In 2001, NEMA published even more stringent energy efficiency requirements under the registered NEMA Premium® standard. Efficiencies of NEMA Premium motors are between one and two percentage points higher than those of equivalent-size EPAct motors, and the standard covers a broader range of sizes, up to 500 hp.2 Both EPAct and NEMA Premium motors gain their improved efficiency largely from the fact that they contain up to 20% more copper than other motors. More copper means lower resistive losses and higher efficiency — plus cooler operation for longer life and higher reliability.

Do those few percentage points justify the small price premium that NEMA Premium motors can (but don’t always) command? Absolutely! A motor operating full-time at full load consumes power equivalent to between 10 and 25 times the motor’s purchase cost per year. At that rate, it doesn’t take long for small savings to add up to big returns. All of Bryant University’s motors meet NEMA Premium efficiency standards, the only exceptions being special-purpose models, which aren’t included in the standard. Here are a few representative examples:

Hot- and cold-water circulation pumps in the Bello Center are driven by four 25-hp ODP motors (Figure 4). The motors were installed in 1988 and replaced standard-efficiency units dating to 1970. The new motors, with 94.1% efficiency at 100% power accrued savings to Bryant University of $679 each, annually, and thus, paid for themselves in only 1.5 years.

Another good example is a 40-hp ODP motor that drives water pumps on the condenser located in the university’s Wellness Center (Figure 5). It meets the NEMA Premium efficiency requirement, 94.5% for this horsepower rating. Since being placed in service when the bearings of an existing standard-efficiency motor failed, the motor has saved the school $1,059 and 10.3 MWh/y since its installation versus the standard-efficiency motor it replaced. Again, the payback was only 1.5 years.

Gilmore decided to replace the old motor’s bearings anyway and place the unit in storage as a spare since it is a long lead-time item. (He was glad he did, when, a few years later, the new motor’s bearings failed due to a maintenance glitch.)

“I reinstalled the old motor because we needed the service,” he recalls, “but as soon as the premium-efficiency one came back from the shop, I put it back on line. Can you imagine the money that old motor would have cost to run at 10 cents a kilowatt-hour? Its lower efficiency cost us $80 for the first month alone, or nearly enough to pay for the reinstallation.”

Figure 6. Two 2-hp premium-efficiency motors, operating continuously, replaced standard-efficiency motors and paid for themselves in 2.45 and 1.72 years, respectively. Figure 6.Two 2-hp premium-efficiency motors, operating continuously, replaced standard-efficiency motors and paid for themselves in 2.45 and 1.72 years, respectively.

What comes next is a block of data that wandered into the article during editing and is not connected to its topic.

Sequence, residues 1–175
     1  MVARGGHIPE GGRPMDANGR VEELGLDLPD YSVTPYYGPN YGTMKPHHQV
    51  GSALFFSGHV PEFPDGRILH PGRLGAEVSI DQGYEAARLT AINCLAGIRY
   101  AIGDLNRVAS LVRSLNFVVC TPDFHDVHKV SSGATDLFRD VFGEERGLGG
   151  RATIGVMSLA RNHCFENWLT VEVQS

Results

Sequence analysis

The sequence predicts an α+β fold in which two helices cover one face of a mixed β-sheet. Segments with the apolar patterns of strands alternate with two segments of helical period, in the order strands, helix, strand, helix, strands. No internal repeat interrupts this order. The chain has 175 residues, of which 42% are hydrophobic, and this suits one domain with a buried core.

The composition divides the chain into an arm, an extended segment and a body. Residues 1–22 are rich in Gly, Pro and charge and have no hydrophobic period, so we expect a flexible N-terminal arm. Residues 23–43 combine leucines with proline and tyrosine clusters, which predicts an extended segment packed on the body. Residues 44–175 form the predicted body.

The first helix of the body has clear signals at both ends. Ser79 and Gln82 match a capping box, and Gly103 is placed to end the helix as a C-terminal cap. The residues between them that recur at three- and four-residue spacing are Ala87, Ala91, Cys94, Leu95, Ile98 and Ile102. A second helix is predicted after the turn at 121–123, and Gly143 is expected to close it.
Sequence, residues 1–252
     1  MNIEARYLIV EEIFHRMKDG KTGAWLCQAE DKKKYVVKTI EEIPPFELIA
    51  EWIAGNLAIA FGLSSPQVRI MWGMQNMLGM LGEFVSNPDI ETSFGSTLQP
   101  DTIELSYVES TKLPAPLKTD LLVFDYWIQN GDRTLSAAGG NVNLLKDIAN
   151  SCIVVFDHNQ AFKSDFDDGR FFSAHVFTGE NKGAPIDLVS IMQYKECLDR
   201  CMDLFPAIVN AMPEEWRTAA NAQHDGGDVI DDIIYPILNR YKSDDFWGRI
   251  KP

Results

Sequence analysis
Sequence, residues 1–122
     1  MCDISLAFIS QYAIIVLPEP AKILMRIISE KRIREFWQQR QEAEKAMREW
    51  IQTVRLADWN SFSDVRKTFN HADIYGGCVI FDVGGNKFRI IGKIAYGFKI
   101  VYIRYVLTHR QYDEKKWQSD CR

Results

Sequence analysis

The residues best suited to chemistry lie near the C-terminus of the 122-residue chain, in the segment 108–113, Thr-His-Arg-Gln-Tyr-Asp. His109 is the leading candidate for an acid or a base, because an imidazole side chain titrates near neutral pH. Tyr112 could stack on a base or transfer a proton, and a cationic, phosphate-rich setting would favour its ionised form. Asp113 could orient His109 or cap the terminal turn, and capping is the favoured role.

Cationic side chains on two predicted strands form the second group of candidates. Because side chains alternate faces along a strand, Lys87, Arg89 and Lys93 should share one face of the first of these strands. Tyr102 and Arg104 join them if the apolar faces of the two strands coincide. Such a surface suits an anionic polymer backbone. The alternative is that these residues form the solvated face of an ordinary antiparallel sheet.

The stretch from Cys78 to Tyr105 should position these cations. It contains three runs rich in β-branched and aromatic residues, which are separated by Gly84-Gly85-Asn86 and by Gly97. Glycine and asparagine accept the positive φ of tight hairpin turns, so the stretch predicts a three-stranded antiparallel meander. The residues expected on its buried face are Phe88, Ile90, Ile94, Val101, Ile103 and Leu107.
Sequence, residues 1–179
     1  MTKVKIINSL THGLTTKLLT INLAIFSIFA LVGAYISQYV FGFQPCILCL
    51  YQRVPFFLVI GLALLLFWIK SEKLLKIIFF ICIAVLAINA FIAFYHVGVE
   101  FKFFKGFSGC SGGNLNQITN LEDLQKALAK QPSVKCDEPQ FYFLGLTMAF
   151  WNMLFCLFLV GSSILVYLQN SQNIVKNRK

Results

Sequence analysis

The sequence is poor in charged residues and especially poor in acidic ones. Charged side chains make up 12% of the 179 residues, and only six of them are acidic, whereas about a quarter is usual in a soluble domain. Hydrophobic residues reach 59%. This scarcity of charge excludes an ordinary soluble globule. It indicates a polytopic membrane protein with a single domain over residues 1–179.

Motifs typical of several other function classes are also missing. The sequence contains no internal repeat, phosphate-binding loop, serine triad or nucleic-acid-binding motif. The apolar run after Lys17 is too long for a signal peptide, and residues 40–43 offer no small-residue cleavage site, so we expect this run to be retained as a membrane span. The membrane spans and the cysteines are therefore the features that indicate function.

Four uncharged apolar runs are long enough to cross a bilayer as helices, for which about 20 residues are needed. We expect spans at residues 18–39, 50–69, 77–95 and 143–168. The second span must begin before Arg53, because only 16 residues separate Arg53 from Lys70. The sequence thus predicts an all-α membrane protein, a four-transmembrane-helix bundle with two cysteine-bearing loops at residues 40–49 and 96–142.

Even small premium-efficiency motors pay for themselves quickly if operated continuously. Two 2-hp pump motors, one a Baldor Super E (left), the other a Toshiba EQP III, (Figure 6) meet NEMA Premium standards. Replacing standard-efficiency motors, they paid back their purchase costs in 2.45 and 1.72 years, respectively, and providing 42.2% and 88% returns on investment.

We could go on, since there are dozens of other premium motors in service at Bryant. But you get the idea: replace inefficient standard-efficiency motors with NEMA Premium (or equivalent) motors and the dollars saved will not only offset the cost of the new motors quickly, they will continue to accumulate as long as the motors are in service. The higher the motors’ duty cycles and the higher the utility rate, the shorter will be the payback and the bigger the savings.

More Good Ideas

Variable frequency drives Figure 7. Variable frequency drives were installed on all blower and pump motors with variable torque loads larger than 7.5 hp. The VFDs addition to initial cost was easily made up by the energy they saved.

A few other improvements made by Gilmore and Greg Gurney, the university’s facilities engineer, include installation of variable frequency drives and line reactors on HVAC blower motors with variable torque loads larger than 7.5 hp to adjust speed according to demand (Figure 7). “Value Engineering wanted us to install constant air volume drives, which are cheaper but run at one speed regardless of demand,” says Gurney. “Variable air volume (VAV) drives add to initial cost, but they allow us to use only as much power as needed. Just like premium-efficiency motors, VAVs save big money in the long run, especially when combined with the better motors.